07. 05. 12. - 15:38
Archbishop Marcus Sitticus von Hohenems exhibition opens
Salzburg's Cathedral Museum will commemorate the four hundredth anniversary of the accession of Archbishop Marcus Sitticus von Hohenems to the throne with a special exhibition.
The cornerstone of the rebuilding of the Salzburg Cathedral was laid during his short 7-year term of office. He enlisted the services of Santino Solari to build Hellbrunn Palace with its park and fountains, had the Residence enlarged, two churches built and the main gates of the city replaced.
Hellbrunn was only meant for use as a day residence in summer, as the Archbishop usually returned to Salzburg in the evening. Therefore, there is no bedroom in Hellbrunn.
Hellbrunn is also famous for its jeux d'eau ("watergames") in the grounds, which are a popular tourist attraction in the summer months. These games were conceived by Markus Sittikus, a man with a keen sense of humour, as a series of practical jokes to be performed on guests. Notable features include stone seats around a stone dining table through which a water conduit sprays water into the seat of the guests when the mechanism is activated, and hidden fountains that surprise and spray guests while they take part on the tour. Other features are a mechanical, water-operated and music-playing theatre built in 1750 showing various professions at work, a grotto and a crown being pushed up and down by a jet of water, symbolising the rise and fall of power. At all of these games there is always a spot which is never wet: that where the Archbishop stood or sat, to which there is no water conduit and which is today occupied by the tour guide.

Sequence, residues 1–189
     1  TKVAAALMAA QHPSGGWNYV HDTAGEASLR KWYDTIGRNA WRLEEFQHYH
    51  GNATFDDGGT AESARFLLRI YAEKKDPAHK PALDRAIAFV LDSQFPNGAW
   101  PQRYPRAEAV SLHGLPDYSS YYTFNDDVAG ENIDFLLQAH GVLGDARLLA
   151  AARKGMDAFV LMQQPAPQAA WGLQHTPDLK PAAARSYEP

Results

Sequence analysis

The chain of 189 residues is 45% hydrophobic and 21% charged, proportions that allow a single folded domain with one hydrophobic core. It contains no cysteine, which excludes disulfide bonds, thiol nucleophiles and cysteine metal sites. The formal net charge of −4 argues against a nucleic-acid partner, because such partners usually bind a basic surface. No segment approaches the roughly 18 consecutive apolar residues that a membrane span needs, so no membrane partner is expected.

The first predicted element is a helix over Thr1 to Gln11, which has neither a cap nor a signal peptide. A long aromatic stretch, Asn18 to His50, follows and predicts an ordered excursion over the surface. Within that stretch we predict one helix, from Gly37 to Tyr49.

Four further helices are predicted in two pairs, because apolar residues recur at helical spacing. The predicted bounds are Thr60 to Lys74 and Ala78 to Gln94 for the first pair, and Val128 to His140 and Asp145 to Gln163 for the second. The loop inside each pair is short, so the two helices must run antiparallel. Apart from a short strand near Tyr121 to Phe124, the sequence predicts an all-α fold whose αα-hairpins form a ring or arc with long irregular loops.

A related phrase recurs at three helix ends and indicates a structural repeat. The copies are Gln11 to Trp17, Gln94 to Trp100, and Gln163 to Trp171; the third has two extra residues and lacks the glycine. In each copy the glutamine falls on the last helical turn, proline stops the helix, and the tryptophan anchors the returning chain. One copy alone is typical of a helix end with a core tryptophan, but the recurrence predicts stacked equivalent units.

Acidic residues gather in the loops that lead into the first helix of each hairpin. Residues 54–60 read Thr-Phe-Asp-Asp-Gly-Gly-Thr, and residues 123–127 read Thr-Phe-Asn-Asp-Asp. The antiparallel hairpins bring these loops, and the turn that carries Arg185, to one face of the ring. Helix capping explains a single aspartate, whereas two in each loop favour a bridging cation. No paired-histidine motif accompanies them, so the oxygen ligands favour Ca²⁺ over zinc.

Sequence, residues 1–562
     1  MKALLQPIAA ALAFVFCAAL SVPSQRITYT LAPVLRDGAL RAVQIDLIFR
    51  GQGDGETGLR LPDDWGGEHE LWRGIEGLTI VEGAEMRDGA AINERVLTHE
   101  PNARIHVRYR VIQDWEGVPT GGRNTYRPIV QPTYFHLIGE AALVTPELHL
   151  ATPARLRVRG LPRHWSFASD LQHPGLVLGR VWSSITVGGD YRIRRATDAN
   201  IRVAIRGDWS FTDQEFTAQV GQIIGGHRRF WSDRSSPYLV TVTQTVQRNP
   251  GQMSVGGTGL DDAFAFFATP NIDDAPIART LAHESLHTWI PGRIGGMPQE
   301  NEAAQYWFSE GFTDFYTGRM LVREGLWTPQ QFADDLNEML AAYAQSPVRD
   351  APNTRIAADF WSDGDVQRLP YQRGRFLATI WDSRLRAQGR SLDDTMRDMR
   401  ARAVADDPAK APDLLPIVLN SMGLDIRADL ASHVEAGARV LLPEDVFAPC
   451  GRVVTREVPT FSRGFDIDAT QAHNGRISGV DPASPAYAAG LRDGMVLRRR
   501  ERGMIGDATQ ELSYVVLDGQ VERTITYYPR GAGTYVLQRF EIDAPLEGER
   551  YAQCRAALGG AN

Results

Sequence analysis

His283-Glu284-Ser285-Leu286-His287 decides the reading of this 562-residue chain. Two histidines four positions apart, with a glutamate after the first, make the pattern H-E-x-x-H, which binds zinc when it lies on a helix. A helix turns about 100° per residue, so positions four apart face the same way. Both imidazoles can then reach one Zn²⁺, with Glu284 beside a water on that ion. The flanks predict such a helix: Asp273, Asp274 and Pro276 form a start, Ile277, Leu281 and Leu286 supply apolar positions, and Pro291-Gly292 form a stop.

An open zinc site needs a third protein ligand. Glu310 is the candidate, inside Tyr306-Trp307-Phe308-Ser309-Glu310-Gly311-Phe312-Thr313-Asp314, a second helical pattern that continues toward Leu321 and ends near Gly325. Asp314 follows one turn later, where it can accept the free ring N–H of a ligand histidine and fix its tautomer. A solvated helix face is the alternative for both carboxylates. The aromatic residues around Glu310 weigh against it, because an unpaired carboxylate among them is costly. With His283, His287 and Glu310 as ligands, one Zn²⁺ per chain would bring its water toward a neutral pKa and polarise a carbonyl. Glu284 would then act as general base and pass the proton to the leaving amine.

He succeeded in keeping Salzburg out of the Thirty Years' War through his policies.
The exhibition will show the only golden basin with his coat of arms from the Palazzo Pitti in Florence as well as portraits from the former Hohenems gallery in the Czech Republic and a view of Hellbrunn and the Cathedral that have never been on display in Salzburg before. Magnificent vestments bear witness to the archbishop's self-projection, goblets and altar paintings he donated to parishes and brotherhoods of his battle against the Reformation.
The exhibition is on display from 11 May to 28 October.